I rang a Health and Safety Executive press officer and asked her why everyone was taking so much more notice of the law now. Her answer was not to blame the HSE but the insurance companies, which would fail to pay out if HSE guidelines had been broken.
Most companies now employ health and safety officers, the police included. Their job is to work out how the organisation can avoid being sued, and if they are sued to make sure that they are covered by insurance. Hence they come up with a list of circumstances which employees should avoid. In television that means we don't go near hot-air balloons and water. One can only imagine how it affects the police tackling an armed siege: 'Is the gunman still armed?'
'Well, you've shot him and he's very quiet. But he could be bluffing.'
'Give it another two hours just to make sure.'
The impact of the growing culture of health and safety has compromised the other emergency services, too. You may remember recently the tragic case of 16year-old Natalie Dibden, who was being taken to hospital following a suspected drugs overdose. Dazed and confused and apparently in search of a toilet, she opened the back door of the ambulance as it was speeding along the M5. She was killed. Apparently ambulance crews used to lock the doors but no longer do — "Ealth and safety, innit?' As someone from the ambulance service explained, 'Sometimes you get violent patients and, for the safety reasons of our crews, if they are locked in a small, cramped environment it could be very dangerous.'
The application of health and safety legislation to the police resulted recently in the undignified spectacle of Sir John Stevens. the Metropolitan Police Commissioner, and his predecessor Lord Condon spending five weeks in the dock. They were giving evidence over the case of PC Kulwant Sidhu, who was killed after falling off a roof in the course of his duty.
The HSE claimed that the police didn't have the right operational procedures in place for such an accident to be avoided. They don't want police officers to be on roofs, really. The case cost about £3 million to prosecute and in the end the two police commissioners were found not guilty on all ten counts. Sir John Stevens said in a statement afterwards, 'I believe that if we had been unsuccessful in defending this ill-considered prosecution, there would have been irreparable damage to the way we police in Britain. . . The prosecution has clearly demonstrated a fundamental lack of understanding of the unique nature of policing by those in positions of responsibility in the Health and Safety Executive.'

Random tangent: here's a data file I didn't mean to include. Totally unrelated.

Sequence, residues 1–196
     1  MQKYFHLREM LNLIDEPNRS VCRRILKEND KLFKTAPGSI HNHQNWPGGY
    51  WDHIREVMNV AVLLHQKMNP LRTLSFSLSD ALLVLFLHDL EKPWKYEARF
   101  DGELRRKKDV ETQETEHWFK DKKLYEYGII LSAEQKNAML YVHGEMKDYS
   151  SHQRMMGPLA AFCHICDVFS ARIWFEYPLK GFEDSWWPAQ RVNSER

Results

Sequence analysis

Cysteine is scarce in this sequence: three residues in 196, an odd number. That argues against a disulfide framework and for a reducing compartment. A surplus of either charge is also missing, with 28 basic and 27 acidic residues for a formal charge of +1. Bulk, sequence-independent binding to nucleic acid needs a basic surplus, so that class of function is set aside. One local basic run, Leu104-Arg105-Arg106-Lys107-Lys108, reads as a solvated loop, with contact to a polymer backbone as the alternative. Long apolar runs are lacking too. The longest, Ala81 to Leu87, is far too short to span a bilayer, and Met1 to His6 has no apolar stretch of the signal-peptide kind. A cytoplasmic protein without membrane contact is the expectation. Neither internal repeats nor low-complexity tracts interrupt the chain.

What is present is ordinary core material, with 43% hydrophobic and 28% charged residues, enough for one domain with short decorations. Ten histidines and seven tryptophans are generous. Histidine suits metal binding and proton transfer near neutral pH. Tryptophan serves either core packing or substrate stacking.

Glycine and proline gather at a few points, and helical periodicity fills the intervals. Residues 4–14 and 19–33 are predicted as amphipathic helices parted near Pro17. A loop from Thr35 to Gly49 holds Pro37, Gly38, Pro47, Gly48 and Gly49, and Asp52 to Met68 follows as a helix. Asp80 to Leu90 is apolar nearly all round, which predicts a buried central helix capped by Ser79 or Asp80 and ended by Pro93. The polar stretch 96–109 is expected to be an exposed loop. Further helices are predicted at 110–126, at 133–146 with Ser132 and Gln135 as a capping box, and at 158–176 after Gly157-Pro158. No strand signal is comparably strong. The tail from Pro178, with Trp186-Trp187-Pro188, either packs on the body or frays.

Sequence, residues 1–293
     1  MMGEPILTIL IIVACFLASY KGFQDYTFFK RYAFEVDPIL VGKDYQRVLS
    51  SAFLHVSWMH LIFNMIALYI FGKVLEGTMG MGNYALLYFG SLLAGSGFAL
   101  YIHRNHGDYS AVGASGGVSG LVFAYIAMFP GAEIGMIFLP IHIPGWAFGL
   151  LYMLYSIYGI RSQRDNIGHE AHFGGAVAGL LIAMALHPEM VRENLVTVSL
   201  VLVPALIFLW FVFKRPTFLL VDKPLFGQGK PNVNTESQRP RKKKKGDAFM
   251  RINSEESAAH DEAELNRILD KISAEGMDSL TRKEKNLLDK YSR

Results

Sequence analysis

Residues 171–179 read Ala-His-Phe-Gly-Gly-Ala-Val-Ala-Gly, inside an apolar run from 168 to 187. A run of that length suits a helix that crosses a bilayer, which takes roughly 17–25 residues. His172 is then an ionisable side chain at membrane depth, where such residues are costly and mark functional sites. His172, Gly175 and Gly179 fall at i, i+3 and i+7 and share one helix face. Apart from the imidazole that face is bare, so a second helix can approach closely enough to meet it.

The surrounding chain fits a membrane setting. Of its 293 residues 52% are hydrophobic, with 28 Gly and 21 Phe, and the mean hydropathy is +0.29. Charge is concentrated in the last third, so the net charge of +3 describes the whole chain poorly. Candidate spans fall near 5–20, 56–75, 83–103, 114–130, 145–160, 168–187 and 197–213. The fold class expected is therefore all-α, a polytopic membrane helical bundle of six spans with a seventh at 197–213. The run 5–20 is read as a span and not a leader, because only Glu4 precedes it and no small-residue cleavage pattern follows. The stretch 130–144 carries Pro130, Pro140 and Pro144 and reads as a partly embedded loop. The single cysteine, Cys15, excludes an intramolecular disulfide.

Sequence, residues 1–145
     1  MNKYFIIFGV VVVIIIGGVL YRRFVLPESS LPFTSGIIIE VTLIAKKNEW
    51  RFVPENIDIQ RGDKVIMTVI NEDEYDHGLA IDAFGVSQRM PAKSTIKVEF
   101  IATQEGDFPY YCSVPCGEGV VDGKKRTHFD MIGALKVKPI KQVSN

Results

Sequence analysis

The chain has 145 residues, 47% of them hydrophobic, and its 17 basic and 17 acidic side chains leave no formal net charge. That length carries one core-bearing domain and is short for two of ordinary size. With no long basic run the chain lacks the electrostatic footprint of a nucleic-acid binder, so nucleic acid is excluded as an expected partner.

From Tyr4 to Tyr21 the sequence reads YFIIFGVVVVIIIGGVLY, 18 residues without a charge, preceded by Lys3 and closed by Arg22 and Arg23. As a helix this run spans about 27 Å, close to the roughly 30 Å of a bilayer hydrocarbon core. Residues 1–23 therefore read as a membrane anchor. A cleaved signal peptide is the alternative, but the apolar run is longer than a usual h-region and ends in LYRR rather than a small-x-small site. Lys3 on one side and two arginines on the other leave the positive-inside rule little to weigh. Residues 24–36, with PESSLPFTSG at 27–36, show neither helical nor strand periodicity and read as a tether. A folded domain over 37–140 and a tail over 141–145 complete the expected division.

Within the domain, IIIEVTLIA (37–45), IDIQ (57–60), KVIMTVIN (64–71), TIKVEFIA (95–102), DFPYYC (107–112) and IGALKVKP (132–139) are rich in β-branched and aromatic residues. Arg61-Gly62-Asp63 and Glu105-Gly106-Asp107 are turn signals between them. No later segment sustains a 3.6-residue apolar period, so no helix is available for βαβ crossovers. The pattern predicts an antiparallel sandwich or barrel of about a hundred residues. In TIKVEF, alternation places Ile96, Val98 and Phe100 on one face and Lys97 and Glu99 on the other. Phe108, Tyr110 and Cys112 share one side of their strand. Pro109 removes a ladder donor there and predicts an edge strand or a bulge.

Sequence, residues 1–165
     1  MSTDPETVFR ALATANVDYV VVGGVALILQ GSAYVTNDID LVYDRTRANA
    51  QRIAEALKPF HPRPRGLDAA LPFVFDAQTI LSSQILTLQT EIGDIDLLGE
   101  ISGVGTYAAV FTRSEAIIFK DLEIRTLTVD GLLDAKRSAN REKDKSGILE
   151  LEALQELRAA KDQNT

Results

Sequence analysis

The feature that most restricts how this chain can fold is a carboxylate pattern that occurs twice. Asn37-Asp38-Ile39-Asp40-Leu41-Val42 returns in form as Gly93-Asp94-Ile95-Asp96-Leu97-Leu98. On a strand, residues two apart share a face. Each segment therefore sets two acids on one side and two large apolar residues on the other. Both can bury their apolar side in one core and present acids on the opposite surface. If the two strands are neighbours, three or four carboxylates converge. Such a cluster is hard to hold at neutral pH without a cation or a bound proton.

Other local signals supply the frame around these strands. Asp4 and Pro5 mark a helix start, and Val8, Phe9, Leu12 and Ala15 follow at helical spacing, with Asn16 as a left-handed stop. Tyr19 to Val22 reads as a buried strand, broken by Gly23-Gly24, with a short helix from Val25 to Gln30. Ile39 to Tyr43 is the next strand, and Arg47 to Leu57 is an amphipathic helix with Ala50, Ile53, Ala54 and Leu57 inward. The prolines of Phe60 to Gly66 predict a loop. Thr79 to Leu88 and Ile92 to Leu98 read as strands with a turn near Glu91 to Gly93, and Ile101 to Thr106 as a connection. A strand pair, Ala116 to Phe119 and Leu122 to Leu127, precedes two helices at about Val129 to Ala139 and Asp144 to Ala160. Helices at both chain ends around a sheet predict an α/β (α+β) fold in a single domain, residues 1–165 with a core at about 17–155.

This time the tentacles of the HSE were prevented from spreading, but don't believe that it's anything other than a temporary setback for them. The HSE has now decided that too much stress at work is in its remit. Its first target is the health trust in Dorset. This rural county has apparently not done enough to ensure that its workers are free from too much strain as they go about their daily business, which could have an adverse effect on their health. Dorset has until 15 December to comply with the HSE targets, otherwise the trust could face penalties. We're talk ing about the NHS here, an organisation that everyone knows is straining at the seams over its ever-growing burden. What is the HSE going to do? Close down our hospitals to stop the staff falling sick?
There is, of course, an upside to all this interference from the HSE if you are a worker. Employees are safer than they used to be 30 years ago, which is good news. They also have a wonderful excuse to stop going about their job if they don't feel like it.
In the 1970s the work-shy could say, 'Right, lads, one out, all out'; nowadays, it's a case of, 'Can't do that, mate. 'Ealth and safety, innit?' I dare say if I pushed it, I could get out of filming in the rain these days, on the grounds that I was seriously risking getting my hair wet and ruining my hairstyle, which would be very stressful.
Maybe firemen will soon be able to stand by and watch a house burn to the ground saying, 'I'm not going near that, mate. It's on fire. I might get hot, and I get very stressed out in the heat.'
There's one other potential bright spot, however. In an armed siege the police will not risk approaching a gunman who might still be capable of shooting them, even if they've already shot him. Thus it occurred that a gunman in Trowbridge, who had held a man and an 18-month-old toddler hostage, was shot in the groin by police marksmen. The police didn't whisk him straight away into an ambulance, but waited for two hours to make absolutely sure that he wasn't going to shoot them back. Two hours of agony for that piece of low life surely has to be a valuable consolation for bowing so deeply to the rule of Health and Safety.